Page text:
“We are now able to provide our drivers with a lifetime’s worth of real driving conditions in a matter of several hours,” said Rob Penner, vice president, operations. “The best part about that is that we can accomplish that in a safe and controlled environment. We have developed this approach to ensure that every one of our drivers can possess all of the required skills and confidence to operate in our changing environment.”

Greg Fraser, a driver instructor with more than 25 years experience behind the wheel, explained that drivers can make a mistake while driving – cut somebody off, run over a curb and bend a rim – and not even realize it. The simulator allows Bison to replay the driver’s performance under different scenarios from several different angles.

“This ability to replay their actions has a huge impact,” said Garth Pitzel, director, safety and driver development.

Aside from ingraining accident avoidance techniques, Fraser said the Mark II simulator, as well as the smaller stationary simulator, will prove valuable in teaching every-day skills such as proper shifting techniques, fuel management and backing into docks from an angle.

Penner added that to Bison the investment in Tatonka goes beyond the driver skills development process.

“It’s our way of driving efficiencies and battling rising operating costs. Fuel management is a big part of the Tatonka program. Tatonka will also allow us to make improvements in our equipment spec’ing practices. We can simulate any combination of drivetrain from the engine and transmission right down to the rear end and tires. We get the engineering data from the OEMs and simulate it under different weight conditions,” Penner said. “This is something that will result in huge opportunities to become a more efficient company.”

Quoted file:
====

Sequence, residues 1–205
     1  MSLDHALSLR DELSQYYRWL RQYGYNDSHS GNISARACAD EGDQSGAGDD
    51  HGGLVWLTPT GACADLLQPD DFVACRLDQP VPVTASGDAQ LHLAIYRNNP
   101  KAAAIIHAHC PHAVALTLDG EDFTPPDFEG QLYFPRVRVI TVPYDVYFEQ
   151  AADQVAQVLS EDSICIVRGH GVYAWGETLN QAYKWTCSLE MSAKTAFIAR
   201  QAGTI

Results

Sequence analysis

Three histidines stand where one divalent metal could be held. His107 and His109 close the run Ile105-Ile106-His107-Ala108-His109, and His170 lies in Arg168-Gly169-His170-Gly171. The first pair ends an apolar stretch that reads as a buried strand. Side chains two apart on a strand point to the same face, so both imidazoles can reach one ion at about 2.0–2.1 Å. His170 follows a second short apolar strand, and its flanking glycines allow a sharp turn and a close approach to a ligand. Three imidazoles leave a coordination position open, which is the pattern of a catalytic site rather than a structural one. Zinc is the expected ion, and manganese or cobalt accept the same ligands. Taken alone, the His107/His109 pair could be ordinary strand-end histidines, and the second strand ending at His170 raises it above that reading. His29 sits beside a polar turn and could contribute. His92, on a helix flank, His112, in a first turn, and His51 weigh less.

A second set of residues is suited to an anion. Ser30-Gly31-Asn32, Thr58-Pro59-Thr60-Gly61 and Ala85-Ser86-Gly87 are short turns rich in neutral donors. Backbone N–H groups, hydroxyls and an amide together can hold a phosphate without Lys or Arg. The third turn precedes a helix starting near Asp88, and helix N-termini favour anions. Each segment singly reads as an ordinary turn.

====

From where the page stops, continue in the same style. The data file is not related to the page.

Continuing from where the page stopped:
The Tatonka driver development centre certainly is the cornerstone of Bison’s new 50,000 square foot facility in Winnipeg. But the ribbon cutting for the opening of the facility may have also afforded industry people – the event virtually turned into a who’s who of industry suppliers and representatives — a glimpse into the future of driver relations and management.

The many drivers and owner/operators in attendance saw a head office clearly designed with them in mind. Aside from the training centre, the new facility includes a full fitness centre with modern exercise equipment and showers, a lounge and entertainment area.

Perhaps just as impressive as the monetary investments in state-of-the-art training equipment and a full exercise facility, is Bison’s adoption of a building design that focuses on making the driver feel a part of the team.

“This is not your traditional trucking head office. Drivers, dispatchers and accounting staff share common areas. This is a very well planned facility for enhancing communications among all levels of our employees from the president to the driver,” said Jeff Pries, vice president, sales and marketing.

The wide, airy hallways are designed to encourage travel among departments. The executives have their offices on the same floor as the rest of the staff and operate in full view of their staff. Everyone eats at a common lunchroom. There are no areas forbidden to drivers. As Streuber phrased it: “We are all individual cogs on the same wheel. That’s the idea we wanted reflected in the design of our headquarters.”

Designed by award-winning architectural firm Smith Carter, the centralized operating base includes a further 10,000 square feet for future expansion should Bison need it in the 25 years it hopes to occupy the building.

Bison has grown from just over 18 tractors and 32 employees in 1991 to 650 new model trucks and about 1000 employees with driver terminals in Toronto, Calgary and Edmonton in addition to the Winnipeg headquarters.